CAUGHT IN THE ACT
Britain’s Andy Serkis has become the go-to actor for roles using performance-capture technology, writes Philippa Hawker
There was a time, Andy Serkis says, when people didn’t understand performance capture. How to talk about it, how to use it, what value to give it — whether, indeed, it was really acting at all. It’s a subject he’s passionate about. In his new film, War for the Planet of the Apes, he portrays Caesar, the leader of the apes, a character he has followed over the course of three films, a figure whose emotional development is as important to him as any of the physical challenges of performance capture.
In the early days, the term for the technology was “motion capture”, but Serkis prefers “performance capture”. It’s a more accurate representation of what’s actually happening, he says. “If you ask any actor who has played a role using it if they believe they are authoring a performance, they will say yes, entirely, because there’s no difference between acting in a liveaction movie when your face is on screen and acting in a performance-capture suit — it’s basically a different set of cameras that are capturing your performance.”
Some actors are able to embrace the demands of performance capture more readily, Serkis says. “You have to want to be a transformative actor in some respect, or see that as a challenge. You have to want to abstract yourself, to go away from yourself. That’s why I absolutely adore it philosophically as an actor, because it means that you can play anything — you literally can embody and bring to life any creature, any thing … an inanimate object. You can make it a sentient thing.
“So I think you have to not be vain, for a start — you have to accept the fact that you’re probably not going to see yourself up on screen, but that’s certainly not why I became an actor. Even when I was doing theatre, the further I could abstract myself, the closer I got to an artistic truth — that was my approach.
“So I suppose you have to have that in your mind, and be happy to do that.”
Performance-capture technology has come a long way since Serkis first explored its possibilities for Peter Jackson for Lord of the Rings: The Fellowship of the Ring, at Weta Workshop. Over the course of the trilogy, he brought a singular emotional intensity, a mixture of malevolence and pain, to the role of Gollum, the creature whose existence was transformed by desire for the ring’s powers.
The technology has developed apace, and so has Serkis’s use of it. In addition to Gollum, he’s done a succession of high-profile roles using performance capture, including as King Kong in Peter Jackson’s remake, and now as Caesar. In the Marvel Cinematic Universe, he is the Avengers antagonist Ulysses Klaue, and he’s appeared in Star Wars: The Force Awakens as the enigmatic figure from the dark side, Supreme Leader Snoke; it’s not clear how much further his character will be developed in the next film, The Last Jedi.
In the new Planet of the Apes series, which began in 2011, we saw Caesar growing up among human beings. He has become a leader among the apes as the world has started to collapse. Andy Serkis sees performance capture as the way of the future for storytelling; Serkis as Gollum in 2012’s The Hobbit: An Unexpected Journey Medical experimentation has enhanced the intelligence of apes, but the same development has created a virus that is devastating the human population.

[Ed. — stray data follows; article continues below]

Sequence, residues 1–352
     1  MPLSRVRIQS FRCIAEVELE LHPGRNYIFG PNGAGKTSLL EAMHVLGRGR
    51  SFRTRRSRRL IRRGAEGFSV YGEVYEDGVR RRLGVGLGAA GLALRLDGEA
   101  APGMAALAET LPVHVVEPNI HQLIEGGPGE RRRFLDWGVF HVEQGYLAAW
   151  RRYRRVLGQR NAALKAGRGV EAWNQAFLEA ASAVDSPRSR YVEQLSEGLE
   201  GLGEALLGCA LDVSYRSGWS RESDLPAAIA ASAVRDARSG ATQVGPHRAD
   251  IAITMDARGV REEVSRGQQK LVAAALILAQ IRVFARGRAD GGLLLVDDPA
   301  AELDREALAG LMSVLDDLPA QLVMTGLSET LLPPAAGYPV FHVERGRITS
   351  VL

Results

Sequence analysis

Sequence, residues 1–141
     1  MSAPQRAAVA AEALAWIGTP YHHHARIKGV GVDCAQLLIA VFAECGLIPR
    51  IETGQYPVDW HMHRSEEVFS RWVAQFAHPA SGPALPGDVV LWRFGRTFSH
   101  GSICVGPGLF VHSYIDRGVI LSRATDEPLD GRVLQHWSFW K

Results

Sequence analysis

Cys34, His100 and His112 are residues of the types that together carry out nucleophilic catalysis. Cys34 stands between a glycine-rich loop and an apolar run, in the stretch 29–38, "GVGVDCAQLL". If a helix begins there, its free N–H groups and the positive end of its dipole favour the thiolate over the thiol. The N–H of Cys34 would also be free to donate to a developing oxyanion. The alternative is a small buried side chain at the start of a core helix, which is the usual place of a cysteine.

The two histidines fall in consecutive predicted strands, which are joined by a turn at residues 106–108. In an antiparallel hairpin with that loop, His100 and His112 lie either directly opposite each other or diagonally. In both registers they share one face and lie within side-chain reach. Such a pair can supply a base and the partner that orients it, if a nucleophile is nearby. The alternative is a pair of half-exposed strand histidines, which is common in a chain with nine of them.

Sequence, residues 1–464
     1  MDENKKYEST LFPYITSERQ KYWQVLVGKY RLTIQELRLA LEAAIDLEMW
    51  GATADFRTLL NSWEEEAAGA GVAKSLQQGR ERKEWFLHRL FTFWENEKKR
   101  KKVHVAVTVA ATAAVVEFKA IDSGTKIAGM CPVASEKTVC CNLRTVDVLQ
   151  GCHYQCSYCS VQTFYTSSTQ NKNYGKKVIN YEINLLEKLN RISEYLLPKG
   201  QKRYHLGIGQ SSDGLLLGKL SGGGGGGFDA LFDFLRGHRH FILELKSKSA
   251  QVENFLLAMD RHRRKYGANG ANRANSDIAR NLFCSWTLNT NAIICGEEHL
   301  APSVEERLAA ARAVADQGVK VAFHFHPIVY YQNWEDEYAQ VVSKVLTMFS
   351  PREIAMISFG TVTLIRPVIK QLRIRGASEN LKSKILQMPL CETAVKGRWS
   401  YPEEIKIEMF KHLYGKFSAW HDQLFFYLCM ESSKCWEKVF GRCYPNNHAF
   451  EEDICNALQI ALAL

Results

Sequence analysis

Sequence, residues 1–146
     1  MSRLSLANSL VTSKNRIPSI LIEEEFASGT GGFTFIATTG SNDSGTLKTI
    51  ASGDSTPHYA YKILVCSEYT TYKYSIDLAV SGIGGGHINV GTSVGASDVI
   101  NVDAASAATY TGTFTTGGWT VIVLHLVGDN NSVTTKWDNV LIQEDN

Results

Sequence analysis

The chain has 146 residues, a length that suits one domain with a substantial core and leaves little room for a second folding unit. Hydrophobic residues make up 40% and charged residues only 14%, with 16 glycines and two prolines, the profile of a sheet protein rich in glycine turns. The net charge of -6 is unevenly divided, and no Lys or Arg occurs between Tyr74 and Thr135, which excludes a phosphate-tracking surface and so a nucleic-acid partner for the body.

Things were bleak in Dawn of the Planet of the Apes, when Caesar confronted his great antagonist, the bonobo Koba (Toby Kebbell), as well as dealing with the hostility of the remaining human beings. Now, in War for the Planet of the Apes, it’s a battle for survival. The apes are being hunted by an army led by a man known only as the Colonel (Woody Harrelson) who wants to destroy every last one of them.
When he signed on for the first film, Serkis says, there was no indication there would be a sequel. But the film did so well, critically and commercially, that there was the appetite for more. Director Matt Reeves ( Cloverfield, Let Me In) came on board for the next two.
“It’s been an incredible acting challenge, and this one was very emotional and dark,” Serkis
IT MEANS THAT YOU CAN PLAY ANYTHING — YOU LITERALLY CAN EMBODY AND BRING TO LIFE ANY CREATURE, ANY THING ANDY SERKIS
says. “Caesar by default is an empathetic character, brought up with human beings, and therefore understands and loves them.
“Caesar has evolved as a character, he’s much more linguistically eloquent, and you see his thoughts, you read him much more like a human being.”
While Caesar’s role has developed, so too has the capacity of the team at Weta, he says. Over the course of the three movies he’s been struck by “the ability to honour the actors’ performance and literally the rendering and the texturing and the artistry from the CG artists. The ability to copy to the nth degree what the actor is doing has improved over the course of the three movies.”
Weta animation director Dan Barrett, who has worked on all three Planet of the Apes films, says he has been fascinated by the progress the team has made in bringing performance capture to the screen.